Dr. Jaime Shalkow helped us, and he told very bluntly, that we should go with INP, because even though it was a harsh hospital, they do not have many comforts, he worked at both hospitals, the highest, private hospital and INP, dividing his time. He said: that there was absolutely no difference, between the protocols in the two hospitals.
The only difference was the comfort level for us, the parents, and that was very useful for him to tell us.
Everybody said the same thing in the alternative hospitals.
They said: Chemo is the solution for this, it’s the right tool. Strong Chemo, quickly and strong, and we don’t need to do it here, go to the best local hospital that you can, and just get her started.
For me, that was incredibly clarifying. And it was so helpful for the family, because we didn’t have a lot of paths. It was one route.
What were the protocol and treatments your child received?
She did the ABVD Chemo protocol for Hodgkin’s lymphoma, she was given six rounds, and she took it in both arms at the same time, she was one of the only kids.
We did the treatment in INP, and she started with four days in the hospital. Where they started her off, she had to have a blood transfusion, and they did all these different tests on her, to see if, to get her ready for chemo.
It was extremely targeted, and this was one of the great values being at the INP hospital.
They had the biggest radiation machines, and they even did this net mask, since she had to have radiation in different points. They were able to isolate it so precisely; they did little one-dot tattoos, to keep everything lined up with the most advanced precision radiation.
The other thing is that she did the most rounds, the most rounds of chemo with the highest dose they could give her.
Please describe helpful tips for chemo day
We found that it was easier for her if she fasted the whole day of chemo. She did well. She didn’t get as nauseous. It just was much easier process. SO she planned to fast. And of course, it was all her decision.
I, sort of, supported it, but I didn’t in any way, sort of pushed her towards that. It was much easier process. She took her water with molecular hydrogen, and she didn’t eat again usually until the next morning.
Can you describe how you dealt with the side effects?
The first symptom that she had was a very distended belly, very bloated and she felt very uncomfortable.
When she came home after the first chemo session, all we did was one coffee enema, which was organic coffee, specially made, so it’s not concentrated as a normal coffee. Put in an enema bucket, a liter of it and connect it to the rectum, and she would stay in a particular sort of all force kind of position and I helped her with it.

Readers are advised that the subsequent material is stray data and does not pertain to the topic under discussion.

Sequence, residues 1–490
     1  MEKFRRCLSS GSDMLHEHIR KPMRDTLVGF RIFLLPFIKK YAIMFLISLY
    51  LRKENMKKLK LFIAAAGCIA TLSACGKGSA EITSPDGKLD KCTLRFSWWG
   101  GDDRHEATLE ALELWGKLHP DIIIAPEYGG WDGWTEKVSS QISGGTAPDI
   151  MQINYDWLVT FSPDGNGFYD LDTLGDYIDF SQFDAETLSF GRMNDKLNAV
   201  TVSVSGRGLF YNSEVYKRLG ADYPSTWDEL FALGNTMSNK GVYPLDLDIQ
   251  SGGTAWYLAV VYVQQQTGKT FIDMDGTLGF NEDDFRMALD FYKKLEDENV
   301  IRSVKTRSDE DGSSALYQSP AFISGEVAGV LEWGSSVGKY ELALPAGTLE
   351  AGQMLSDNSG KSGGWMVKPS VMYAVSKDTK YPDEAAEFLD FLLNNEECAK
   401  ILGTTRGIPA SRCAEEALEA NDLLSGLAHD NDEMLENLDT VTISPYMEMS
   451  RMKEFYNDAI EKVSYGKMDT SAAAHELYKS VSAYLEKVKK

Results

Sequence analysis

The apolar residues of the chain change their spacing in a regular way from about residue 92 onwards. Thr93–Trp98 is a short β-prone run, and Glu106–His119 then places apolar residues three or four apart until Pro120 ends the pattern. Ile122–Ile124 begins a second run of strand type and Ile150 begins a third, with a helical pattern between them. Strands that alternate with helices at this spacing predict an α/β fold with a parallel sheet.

The coffee stays connected and it goes in as much as she can accept, and then we put a timer, with like something she could look at, and we timed it for 15 minutes. If she had gases or she felt uncomfortable, the level of the coffee goes up and down, it helps the body to adapt to it, it’s less extreme.
The chemo was every 15 days. So, the day after the chemo, she would do one coffee enema, and would feel so much better, that she would ask me for it and remind me.
As we were coming back from chemo: “remember we’re going to do it? Tomorrow morning”.
It was so clear to her that it was such an important part of the work that we did.
We started her off with the Cannabis Resin, which we called the ’black drop’.
We didn’t involve her with any details about it. But, I explained to her,
that she was taking such a strong treatment at the hospital and we had to give her a strong treatment at home too, to help her balance.
During the first days of the diagnosis, there was a family friend, named Dr. Jeffery Hergenrather, who is an international expert on cannabis for cancer for children, he said, that the big guns for this cancer, are chemo and cannabis.
She also did Juices. A combination of celery and carrots freshly squeezed with a juicer, every morning. We would get little jars in the refrigerator, and she would drink about a liter in four parts.
What the juices helped us with were the vitamins, minerals, and nutrients without the insoluble fiber of the raw vegetables.
Because the fiber, locks out the nutrients, and a healthy intestine can separate the nutrients from the fiber,
but a person going through chemo will not be able to do that. They will have to get rid of all the nutrients with the fiber, which they really can’t tolerate or process.